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Lawyers representing EMPLOYERS speak out against unemployment insurance bill

The North Carolina Bar Association’s Labor & Employment Law Council — a group whose members represent both employees and employers delivered a letter to Senate President Pro Tem Phil Berger this morning asking him to slow down the legislation that would slash the state’s unemployment insurance system. According to the letter:

“We understand that these changes will result in a loss of approximately $225,000,000 in unemployment benefits from July 1, 2013 through December 1, 2013 and an additional loss of $350,000,000 in federal funds that would otherwise flow into the State for extended benefits during the same period.

We are concerned that the loss of these funds will not only seriously impact the families of workers who remain unemployed through no fault of their own, but also the local businesses that would inevitably suffer as citizens fail to pay their mortgage/rent, utilities, and transportation costs, and are unable to purchase food and other necessaries for themselves and their families.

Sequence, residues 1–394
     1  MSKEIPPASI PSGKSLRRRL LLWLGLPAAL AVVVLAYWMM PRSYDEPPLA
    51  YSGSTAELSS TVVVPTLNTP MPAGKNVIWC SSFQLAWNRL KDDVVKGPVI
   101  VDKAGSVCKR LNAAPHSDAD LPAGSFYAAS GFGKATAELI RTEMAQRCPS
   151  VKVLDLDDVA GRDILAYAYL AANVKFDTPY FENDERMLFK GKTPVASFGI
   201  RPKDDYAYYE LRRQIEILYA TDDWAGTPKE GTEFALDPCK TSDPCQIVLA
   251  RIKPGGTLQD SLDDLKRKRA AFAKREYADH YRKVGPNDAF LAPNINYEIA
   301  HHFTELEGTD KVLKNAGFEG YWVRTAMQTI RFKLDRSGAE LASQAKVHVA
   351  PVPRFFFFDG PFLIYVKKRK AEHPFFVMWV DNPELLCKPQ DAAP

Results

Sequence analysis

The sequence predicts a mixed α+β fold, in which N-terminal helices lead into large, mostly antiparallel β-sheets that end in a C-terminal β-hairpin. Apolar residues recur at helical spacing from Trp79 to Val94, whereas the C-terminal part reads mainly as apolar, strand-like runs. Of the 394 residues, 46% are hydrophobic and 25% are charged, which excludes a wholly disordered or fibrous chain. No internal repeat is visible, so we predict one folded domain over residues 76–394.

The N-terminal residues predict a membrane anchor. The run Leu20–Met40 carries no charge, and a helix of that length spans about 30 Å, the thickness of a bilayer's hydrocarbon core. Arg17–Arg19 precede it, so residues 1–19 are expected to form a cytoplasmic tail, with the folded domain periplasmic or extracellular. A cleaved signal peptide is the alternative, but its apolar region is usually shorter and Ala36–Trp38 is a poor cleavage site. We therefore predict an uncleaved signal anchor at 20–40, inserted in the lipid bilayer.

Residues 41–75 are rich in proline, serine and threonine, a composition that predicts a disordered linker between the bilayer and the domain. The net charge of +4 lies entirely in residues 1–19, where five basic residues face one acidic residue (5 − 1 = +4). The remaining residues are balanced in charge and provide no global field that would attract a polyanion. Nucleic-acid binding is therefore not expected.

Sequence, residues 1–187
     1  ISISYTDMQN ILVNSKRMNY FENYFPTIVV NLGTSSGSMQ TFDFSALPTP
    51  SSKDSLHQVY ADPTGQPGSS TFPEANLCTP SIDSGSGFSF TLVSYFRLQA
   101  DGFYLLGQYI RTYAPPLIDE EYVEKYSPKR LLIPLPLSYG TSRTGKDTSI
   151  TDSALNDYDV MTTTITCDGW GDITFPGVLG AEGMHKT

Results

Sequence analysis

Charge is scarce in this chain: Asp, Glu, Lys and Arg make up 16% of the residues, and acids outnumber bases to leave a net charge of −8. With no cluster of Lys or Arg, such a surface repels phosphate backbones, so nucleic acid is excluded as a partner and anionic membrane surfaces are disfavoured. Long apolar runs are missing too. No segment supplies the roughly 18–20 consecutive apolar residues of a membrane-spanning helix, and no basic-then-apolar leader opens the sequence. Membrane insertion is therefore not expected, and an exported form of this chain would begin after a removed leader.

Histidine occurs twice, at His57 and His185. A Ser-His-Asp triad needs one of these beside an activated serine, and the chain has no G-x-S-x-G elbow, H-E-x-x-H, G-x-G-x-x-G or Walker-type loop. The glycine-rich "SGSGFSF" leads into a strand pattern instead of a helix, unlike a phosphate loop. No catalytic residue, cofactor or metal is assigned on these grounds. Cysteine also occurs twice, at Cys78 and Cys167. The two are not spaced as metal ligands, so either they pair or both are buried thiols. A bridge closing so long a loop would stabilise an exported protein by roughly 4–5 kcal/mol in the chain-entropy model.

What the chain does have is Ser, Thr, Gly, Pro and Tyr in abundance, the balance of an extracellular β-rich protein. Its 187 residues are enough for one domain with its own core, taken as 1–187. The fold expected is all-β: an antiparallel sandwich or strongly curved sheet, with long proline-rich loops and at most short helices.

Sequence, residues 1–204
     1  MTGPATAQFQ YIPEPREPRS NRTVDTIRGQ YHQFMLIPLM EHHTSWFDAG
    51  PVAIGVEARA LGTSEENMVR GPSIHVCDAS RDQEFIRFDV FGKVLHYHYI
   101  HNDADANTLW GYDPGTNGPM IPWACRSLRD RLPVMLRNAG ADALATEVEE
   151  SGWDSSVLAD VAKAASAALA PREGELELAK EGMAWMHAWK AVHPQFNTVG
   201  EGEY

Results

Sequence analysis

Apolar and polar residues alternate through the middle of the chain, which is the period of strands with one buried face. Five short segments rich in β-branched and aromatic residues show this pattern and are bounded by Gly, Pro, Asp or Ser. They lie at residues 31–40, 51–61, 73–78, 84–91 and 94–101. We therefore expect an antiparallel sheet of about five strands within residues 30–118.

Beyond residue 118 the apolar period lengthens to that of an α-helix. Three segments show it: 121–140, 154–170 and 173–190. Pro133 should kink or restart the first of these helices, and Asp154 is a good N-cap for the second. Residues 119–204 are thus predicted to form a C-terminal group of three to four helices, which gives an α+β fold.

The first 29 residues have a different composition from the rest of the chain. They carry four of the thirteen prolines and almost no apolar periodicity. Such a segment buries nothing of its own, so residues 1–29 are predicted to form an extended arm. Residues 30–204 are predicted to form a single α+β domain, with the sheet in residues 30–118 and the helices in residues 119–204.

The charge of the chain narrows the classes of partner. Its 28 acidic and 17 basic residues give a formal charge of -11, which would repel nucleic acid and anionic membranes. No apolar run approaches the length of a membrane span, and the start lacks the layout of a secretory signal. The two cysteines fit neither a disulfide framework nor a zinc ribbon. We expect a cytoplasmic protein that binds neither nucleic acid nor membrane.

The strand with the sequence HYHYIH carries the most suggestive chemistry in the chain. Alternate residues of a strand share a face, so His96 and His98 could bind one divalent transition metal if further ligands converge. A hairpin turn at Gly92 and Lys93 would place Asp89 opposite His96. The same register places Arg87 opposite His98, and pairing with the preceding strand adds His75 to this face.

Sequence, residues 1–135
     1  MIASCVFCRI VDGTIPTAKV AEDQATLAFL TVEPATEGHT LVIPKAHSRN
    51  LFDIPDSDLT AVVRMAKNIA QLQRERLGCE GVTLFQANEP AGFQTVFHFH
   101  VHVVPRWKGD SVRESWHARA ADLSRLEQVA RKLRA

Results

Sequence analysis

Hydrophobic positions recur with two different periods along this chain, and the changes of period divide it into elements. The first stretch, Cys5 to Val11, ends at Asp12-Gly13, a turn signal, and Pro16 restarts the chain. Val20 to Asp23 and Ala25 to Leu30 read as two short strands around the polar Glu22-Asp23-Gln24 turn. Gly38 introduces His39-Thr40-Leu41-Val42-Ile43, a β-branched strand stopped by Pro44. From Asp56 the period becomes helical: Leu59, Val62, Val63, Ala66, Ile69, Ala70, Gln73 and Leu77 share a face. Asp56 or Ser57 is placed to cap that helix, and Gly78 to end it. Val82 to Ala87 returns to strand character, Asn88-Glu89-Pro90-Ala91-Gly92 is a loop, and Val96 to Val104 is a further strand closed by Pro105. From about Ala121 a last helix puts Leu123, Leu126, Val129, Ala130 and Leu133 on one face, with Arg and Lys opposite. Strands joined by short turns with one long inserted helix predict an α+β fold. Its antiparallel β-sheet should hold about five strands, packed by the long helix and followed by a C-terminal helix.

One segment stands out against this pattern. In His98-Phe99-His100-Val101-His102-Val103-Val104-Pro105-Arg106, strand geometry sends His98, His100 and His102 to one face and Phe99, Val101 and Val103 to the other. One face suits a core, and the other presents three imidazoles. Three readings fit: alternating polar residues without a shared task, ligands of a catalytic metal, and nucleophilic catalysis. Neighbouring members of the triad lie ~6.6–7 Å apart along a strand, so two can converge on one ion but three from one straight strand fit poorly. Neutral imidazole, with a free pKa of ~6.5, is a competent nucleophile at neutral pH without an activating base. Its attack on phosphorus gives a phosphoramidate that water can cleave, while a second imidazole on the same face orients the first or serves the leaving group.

We believe that there has not been adequate time for public comment or study of the full (and possibly unintended) consequences of these changes.”     

Click here to view the letter in its original format.

3 Comments


  1. david esmay

    February 12, 2013 at 12:08 pm

    And Phil’s response was, “Screw you and the people you represent, I take my marching orders from a higher authority, Governor Pope, and he takes his marching orders from the Koch brothers.”

  2. Jeff S

    February 13, 2013 at 1:00 am

    You’re not thinking big enough David. NC is the eighth state the propose a benefit cut. The marching orders are coming from higher up than peddler pope.

  3. Alex

    February 13, 2013 at 7:51 am

    Unemployment insurance has always been intended to be a short term stopgap measure to bridge periods between jobs. The long term unemployment issues we are currently experiencing probably need to be addressed in a completely different fashion. Many of these folks are not getting jobs even after the current 99-week periods, and are part of a structural problem that needs to be addressed.

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